For most people in previews decades, lithium was either a controversial treatment for brain disorders or a song by Nirvana. But it is unique because it is the lightest known metal. In the 1790s, a Brazilian naturalist discovered the mineral called petalite on an island in Sweden. This mineral us usually white to grayish in color, but when it’s thrown into a fire it flares into bright red.
Then in 1817, a chemist in Sweden found that petalite contained a previously unknown element. While he was able to isolate one of the salts, he failed to isolate the mineral completely. He did, however, name it lithium which meant “stone” in Greek. It was in 1855 when a British and a German chemist were able to separate the metal entirely. This discovery led to the commercial production of lithium metal which began in Germany in 1923.
Today, more and more people also know lithium-ion batteries, because of the proliferation of mobile devices such as smartphones and tablets.
Below is the historical Lithium price per metric ton.
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Price History of Lithium
Two factors determine the price of lithium, and first we need to consider abundance. There’s only as limited supply of this element, because it only makes up 0.0007 percent of the Earth’s crust. Chile produces most of the element for the world market, with Australia coming in second. In the US you can only find a single mine in the whole country. It doesn’t occur naturally in elemental form, either.
With such a limited supply, any increase in demand can truly boost the price of the metal in the world market. And that’s happening right now because of the current success of the Tesla car company. The electric car industry is rising like a phoenix, with Apple and Google poised to launch their own versions soon. Even the Chinese, with the billionaire Jia Yueting leading the way, will also enter the scene with a billion-dollar factory set for car production by 2017.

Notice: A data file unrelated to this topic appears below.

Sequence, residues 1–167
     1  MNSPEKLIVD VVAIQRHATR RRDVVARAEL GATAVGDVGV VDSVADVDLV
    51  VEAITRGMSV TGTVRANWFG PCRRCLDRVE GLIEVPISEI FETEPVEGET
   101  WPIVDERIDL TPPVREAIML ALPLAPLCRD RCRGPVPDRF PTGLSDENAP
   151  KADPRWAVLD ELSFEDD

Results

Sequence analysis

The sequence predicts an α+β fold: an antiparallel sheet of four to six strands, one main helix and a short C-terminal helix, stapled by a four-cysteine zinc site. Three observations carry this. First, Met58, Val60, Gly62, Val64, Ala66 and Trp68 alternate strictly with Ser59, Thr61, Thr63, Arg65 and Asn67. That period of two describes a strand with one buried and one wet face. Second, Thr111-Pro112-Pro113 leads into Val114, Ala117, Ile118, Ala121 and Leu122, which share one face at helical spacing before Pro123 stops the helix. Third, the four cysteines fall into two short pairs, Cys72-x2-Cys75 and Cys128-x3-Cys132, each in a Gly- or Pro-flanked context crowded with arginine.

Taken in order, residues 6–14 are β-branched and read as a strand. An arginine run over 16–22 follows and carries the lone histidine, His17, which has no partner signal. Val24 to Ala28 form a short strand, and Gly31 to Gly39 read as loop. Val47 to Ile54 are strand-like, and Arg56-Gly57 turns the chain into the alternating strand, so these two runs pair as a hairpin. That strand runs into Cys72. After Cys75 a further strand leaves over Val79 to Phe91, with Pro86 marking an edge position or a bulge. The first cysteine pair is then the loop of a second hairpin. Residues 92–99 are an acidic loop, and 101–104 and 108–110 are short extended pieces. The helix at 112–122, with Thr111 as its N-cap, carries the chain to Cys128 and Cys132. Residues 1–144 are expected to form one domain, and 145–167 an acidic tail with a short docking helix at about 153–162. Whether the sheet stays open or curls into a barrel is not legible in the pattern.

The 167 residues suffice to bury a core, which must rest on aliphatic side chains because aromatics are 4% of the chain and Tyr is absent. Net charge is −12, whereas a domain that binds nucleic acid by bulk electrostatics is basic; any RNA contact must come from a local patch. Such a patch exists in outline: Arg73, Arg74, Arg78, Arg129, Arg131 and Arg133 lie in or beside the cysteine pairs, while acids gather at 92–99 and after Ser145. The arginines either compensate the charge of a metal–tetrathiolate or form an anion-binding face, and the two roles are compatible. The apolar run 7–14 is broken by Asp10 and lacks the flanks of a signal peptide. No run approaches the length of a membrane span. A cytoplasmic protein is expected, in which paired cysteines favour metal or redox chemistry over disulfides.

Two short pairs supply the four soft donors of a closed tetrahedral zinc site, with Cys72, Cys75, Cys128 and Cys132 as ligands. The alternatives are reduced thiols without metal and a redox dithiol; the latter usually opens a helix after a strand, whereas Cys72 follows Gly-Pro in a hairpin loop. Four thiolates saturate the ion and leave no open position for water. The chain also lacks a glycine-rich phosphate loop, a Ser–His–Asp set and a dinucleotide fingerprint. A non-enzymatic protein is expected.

What these things all mean is that the demand for lithium-ion batteries will rise even further. The price of lithium carbonate is up by 47% from 2015 and the year 2017 will see increased sales of pure electric cars. Add the fact that Li-ion batteries are also used for mobile devices such as smartphones, tablets, laptops, and other wearable devices, and the demand for the commodity will surely increase as well.
Investing in Lithium
There are generally two ways to invest in this metal. You can directly buy stocks in companies involved in lithium mining or in Li-ion battery production. Or you can get involved in funds that invest in companies of this type.
The success of your investment will depend on the sustained popularity of mobile devices and the increased popularity of electric cars. All these devices need Li-ion batteries, and as such the demand for the metal will skyrocket. The global market for these batteries was $11.7 billion back in 2012. By the end of 2016, that’s expected to double to $22.5 billion.
Also in 2012, the automotive sector accounted for 14% of the Li-ion battery market. By the end of 2016, this will grow to as much as 25% by the end of 2016.
Purposes Used For
So let’s cut to the chase. Aside from various uncommon usages, lithium is used mainly as a component of rechargeable Li-ion batteries and as a treatment for several types of mental disorders.
- Its use in Li-ion batteries is perhaps its most common and most important use today. It’s found in rechargeable batteries that power cell-phones, smartphones, tablets, laptop, digital cameras, and even electric cars. You can also find this element in non-rechargeable batteries, which provide power for clocks, heart pacemakers, and various toys.
- As lithium carbonate, it’s a pharmaceutical. It’s been prescribed for conditions such as manic depression and bipolar disorder. It acts on the nervous system, and it can modify your actions and behavior.
- It is also used as an alloy mixed with aluminum, so that it can strengthen aircraft. This alloy can also be used for high-speed trains and high-quality bicycle frames.
- Alloyed with magnesium, it is used to make armor plating.
- It is used as lithium oxide in glass ceramics and special glasses.
- It is also used as a desiccant in air conditioning systems, as lithium bromide and lithium chloride.
- As lithium stearate, it is used as an all-purpose lubricant although it is especially ideal for high temperatures.
- And as lithium hydride, it can store hydrogen so it can be used as fuel.
It is quite a versatile metal, when mixed with other elements. But its use in Li-ion batteries will be the deciding factor in how the world needs it for the next few years.
According to the US Geological Survey, with the current global production of 37,000 tons a year, mankind has enough reserves for 365 years—if current demand remains the same. But experts predict that by 2040 the world will need 800,000 tons of lithium for just battery production alone!